Credit where credit’s due for Street
Midlands who are living in temporary accommodation, sofa surfing or living in hostels.”
Universal Credit was only one of the issues raised by the mayor. Others included the need to “increase the supply of affordable, accessible housing”, to provide work for people who are homeless or at risk of homelessness and to ensure charities and businesses knew what they could do to help.
Mr Street also argued that the Government was listening to concerns.
He said he had worked with charities to lobby Ministers and, “after looking at proposals in detail and listening to the sector”, the Government agreed that all 18-21 year-olds would continue to have access to Housing Benefit.
But the implied criticism of Universal Credit chimes with warnings issued in stronger terms by a range of inquiries and charities.
Universal Credit replaces six existing benefits – Income Support, Income-based Jobseeker’s Allowance, Income-related Employment and Support Allowance, Housing Benefit, Working Tax Credit and Child Tax Credit – with a single payment.
The Government says the new benefit is designed to help people get into work. It is also designed to ensure people have a higher income when they do work, while under the old system people could find that they lost so much in benefits that getting a job, or working more hours, didn’t make economic sense.
However, critics say that the benefit has led to an increase in poverty.
Claimants have to wait up to five weeks for their first payment, and while they can get an advance payment much sooner than this, the advance is a loan that must be repaid. MPs say some constituents have suffered hardship because they received incorrect payments.
And for some people, the total amount received has simply been cut.
In a damning report earlier this year, the Trussell Trust said Universal Credit helped explain why foodbank use had shot up.
The charity distributed 119,946 three-day emergency food parcels in the West Midlands between April 1 2017 and March 31 2018.
This was up from 41,396 in the 12 months up to March 31 2013 – before the new benefit.
The National Audit Office, the official spending watchdog, warned in June that Universal Credit may cost taxpayers more than the complex benefits system it replaced.
It published a report warning the Government has no way of measuring whether the new system is achieving its goal of getting more people into work.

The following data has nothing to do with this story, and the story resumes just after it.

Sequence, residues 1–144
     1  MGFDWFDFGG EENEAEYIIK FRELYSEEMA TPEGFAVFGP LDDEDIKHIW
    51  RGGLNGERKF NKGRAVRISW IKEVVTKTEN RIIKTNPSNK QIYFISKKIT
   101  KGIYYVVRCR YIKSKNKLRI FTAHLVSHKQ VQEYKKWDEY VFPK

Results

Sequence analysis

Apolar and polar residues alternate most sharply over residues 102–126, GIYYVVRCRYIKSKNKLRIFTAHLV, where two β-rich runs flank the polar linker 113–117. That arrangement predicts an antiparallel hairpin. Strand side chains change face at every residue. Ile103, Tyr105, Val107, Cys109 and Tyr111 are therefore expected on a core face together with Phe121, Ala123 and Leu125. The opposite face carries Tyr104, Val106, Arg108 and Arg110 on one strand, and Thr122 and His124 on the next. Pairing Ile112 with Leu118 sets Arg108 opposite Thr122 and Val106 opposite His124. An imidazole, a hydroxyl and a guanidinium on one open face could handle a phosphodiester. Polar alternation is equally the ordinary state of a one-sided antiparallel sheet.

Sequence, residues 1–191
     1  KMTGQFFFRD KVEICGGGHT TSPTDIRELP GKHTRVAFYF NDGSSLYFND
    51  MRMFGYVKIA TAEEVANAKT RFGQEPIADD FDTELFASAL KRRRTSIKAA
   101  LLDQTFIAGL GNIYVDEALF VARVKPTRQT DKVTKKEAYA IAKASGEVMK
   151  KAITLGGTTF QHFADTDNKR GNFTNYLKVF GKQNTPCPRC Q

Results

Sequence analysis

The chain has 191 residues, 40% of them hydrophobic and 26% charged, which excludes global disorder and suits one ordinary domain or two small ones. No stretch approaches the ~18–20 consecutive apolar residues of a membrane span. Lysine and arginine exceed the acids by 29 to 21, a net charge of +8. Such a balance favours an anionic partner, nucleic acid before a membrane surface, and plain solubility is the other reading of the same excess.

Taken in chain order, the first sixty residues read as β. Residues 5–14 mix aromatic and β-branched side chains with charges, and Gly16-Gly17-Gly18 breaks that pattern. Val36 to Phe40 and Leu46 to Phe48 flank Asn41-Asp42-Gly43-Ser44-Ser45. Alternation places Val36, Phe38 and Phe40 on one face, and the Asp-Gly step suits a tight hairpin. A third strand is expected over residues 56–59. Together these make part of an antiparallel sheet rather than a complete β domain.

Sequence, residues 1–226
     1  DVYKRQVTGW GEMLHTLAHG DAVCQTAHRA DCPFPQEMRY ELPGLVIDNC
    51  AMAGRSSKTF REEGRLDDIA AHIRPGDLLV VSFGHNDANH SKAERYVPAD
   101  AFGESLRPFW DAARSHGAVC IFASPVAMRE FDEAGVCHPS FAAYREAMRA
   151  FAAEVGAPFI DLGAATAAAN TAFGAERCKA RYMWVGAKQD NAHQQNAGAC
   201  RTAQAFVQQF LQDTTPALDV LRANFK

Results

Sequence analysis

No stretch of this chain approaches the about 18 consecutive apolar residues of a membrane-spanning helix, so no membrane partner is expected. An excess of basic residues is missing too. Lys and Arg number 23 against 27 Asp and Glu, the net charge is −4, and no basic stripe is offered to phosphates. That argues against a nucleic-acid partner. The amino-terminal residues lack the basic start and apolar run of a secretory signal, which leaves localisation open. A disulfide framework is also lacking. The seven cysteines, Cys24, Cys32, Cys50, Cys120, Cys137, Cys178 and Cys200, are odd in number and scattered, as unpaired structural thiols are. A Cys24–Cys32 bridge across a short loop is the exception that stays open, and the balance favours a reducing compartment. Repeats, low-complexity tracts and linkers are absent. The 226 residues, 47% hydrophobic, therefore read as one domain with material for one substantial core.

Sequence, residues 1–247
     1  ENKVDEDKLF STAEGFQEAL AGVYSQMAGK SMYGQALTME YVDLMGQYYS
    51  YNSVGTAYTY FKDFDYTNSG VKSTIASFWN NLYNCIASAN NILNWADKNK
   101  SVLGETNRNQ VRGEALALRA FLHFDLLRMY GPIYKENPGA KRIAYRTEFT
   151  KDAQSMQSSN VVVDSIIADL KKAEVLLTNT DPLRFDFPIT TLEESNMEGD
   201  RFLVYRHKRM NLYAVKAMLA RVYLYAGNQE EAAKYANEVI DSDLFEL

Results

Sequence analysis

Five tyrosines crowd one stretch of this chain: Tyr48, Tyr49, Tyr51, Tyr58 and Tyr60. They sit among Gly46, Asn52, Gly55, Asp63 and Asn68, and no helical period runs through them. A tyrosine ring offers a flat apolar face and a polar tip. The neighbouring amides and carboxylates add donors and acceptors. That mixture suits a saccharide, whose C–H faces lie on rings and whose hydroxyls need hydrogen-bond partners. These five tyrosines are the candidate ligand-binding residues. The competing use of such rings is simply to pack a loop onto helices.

At least 270,000 claimants are expected to receive their payments late in 2018, likely to cause them serious financial problems, the National Audit Office said.
At the moment, residents in most parts of the country who start claiming benefits, or whose circumstances change, are put on to Universal Credit.
In 2020 the Government will begin moving large numbers of claimants who receive the older benefits onto the new system.
Labour leader Jeremy Corbyn criticised Universal Credit in the House of Commons this week. Theresa May, the Prime Minister, responded by arguing that the Government had made changes to the benefits system when needed.
In his ConservativeHome article, Mr Street said employers could be given more support to encourage them to employ homeless people, including those with what he called “complex needs”.
He said: “At a business breakfast recently, I was asked, ‘what can we do to help rough sleepers?’ I challenged the audience to hire someone who was homeless into their business.
“A few weeks later, I met a café owner in Birmingham who had been there that morning.
“She told me that she had taken on the challenge and had employed a homeless man to wait tables in her café.
“She had known the challenges she might face as an employer, but had taken a risk to do the right thing.
“SIFA Fireside, a homeless charity in Birmingham, runs a programme called ‘Work It Out’ which supports SME [small and medium sized] employers in taking on those who are or have been homeless.”
The mayor warned fellow Tories: “As Conservatives, we must make good on our promises to reduce homelessness and rough sleeping in the 2017 Election Manifesto.
“We should not shy away from this issue because it is difficult, but we should redouble our efforts to create a society where no-one has to be without a home to call their own.”
The top reason for homelessness is the ending of assured shorthold tenancies
> West Midlands Mayor Andy Street